Tani Cantil-Sakauye is the first Asian-Filipina American and the second woman to serve as the state’s chief justice.
Students and community members gathered at the UC Berkeley School of Law to hear Cantil-Sakauye, who spoke about challenges facing the state’s justice system, at an event hosted by the Berkeley Forum on Wednesday.
Cantil-Sakauye is the leader of California’s judicial branch of government and chair of the state’s Judicial Council. At the event, she emphasized the importance of diversity in the state’s judicial body, recalling her past difficulties as a woman of color in the field of law.
“We have diversity on the bench in which the majority are people of color and are women. … We end up being more reflective of community, so there is more public trust,” Cantil-Sakauye said at the event. “When people come in to speak, they see people who look like them.”
The Supreme Court of California consists of the chief justice of California and six associate justices, each appointed or nominated by the governor.
When Cantil-Sakauye was 9, her mother went to court to fight against their home eviction but felt disrespected in the system as a woman of color. Cantil-Sakauye said this experience was part of what drove her to pursue law.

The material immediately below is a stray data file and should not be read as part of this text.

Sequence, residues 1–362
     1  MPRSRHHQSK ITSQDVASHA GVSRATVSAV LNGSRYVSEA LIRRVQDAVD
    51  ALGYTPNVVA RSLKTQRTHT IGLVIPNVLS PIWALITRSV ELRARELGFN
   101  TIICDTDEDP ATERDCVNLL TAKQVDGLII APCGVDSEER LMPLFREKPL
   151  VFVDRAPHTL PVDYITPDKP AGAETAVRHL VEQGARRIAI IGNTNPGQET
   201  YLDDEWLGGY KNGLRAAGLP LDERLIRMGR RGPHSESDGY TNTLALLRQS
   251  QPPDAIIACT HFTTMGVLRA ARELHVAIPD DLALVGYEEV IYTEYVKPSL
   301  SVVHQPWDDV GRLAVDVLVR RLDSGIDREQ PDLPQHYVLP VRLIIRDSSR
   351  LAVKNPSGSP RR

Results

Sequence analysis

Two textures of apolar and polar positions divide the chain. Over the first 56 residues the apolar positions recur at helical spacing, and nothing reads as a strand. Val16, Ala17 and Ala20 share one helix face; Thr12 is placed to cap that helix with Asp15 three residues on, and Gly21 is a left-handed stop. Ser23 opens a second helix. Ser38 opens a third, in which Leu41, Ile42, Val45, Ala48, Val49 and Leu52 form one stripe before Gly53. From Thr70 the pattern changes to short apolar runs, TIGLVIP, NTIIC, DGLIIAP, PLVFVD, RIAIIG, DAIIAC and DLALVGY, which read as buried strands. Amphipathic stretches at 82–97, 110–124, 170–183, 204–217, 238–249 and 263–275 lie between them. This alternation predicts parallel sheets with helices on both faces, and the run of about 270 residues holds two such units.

“As an Asian-American woman, her speech was very riveting … and I was able to understand more about California’s judicial system,” said Gina Han, a campus sophomore.
According to Cantil-Sakauye, California serves the largest and most diverse population.
The three most common cases heard in the California Supreme Court include those of statewide importance, death cases and conflicts arising from disagreement among the Court of Appeals, Cantil-Sakauye said. She mentioned, however, that juvenile cases are the most memorable.
“These cases make us think differently,” Cantil-Sakauye said. “We have to make amends and give people an opportunity to reform.”
California’s judicial branch faces challenges such as budget restraints and reliance on paper in a technological era, she said at the event.
David Carrillo, executive director of the California Constitution Center at Berkeley Law, said in an email that California’s judicial system is the largest in the country, serving 38 million people, and that it receives “barely two pennies per dollar of the state budget.” The system’s more than 2,000 judicial officers handle nearly 8 million cases each year, he added.
Cantil-Sakauye said at the event that she has aimed to build partnerships to overcome the state’s fiscal crisis, improve the branch’s accountability and transparency, and ensure due process for as many as possible.
“We became judges not to get rich but the feeling of enrichment of helping people,” Cantil-Sakuaye said. “A good judge is able to work through intractable problems … and is truly objective.”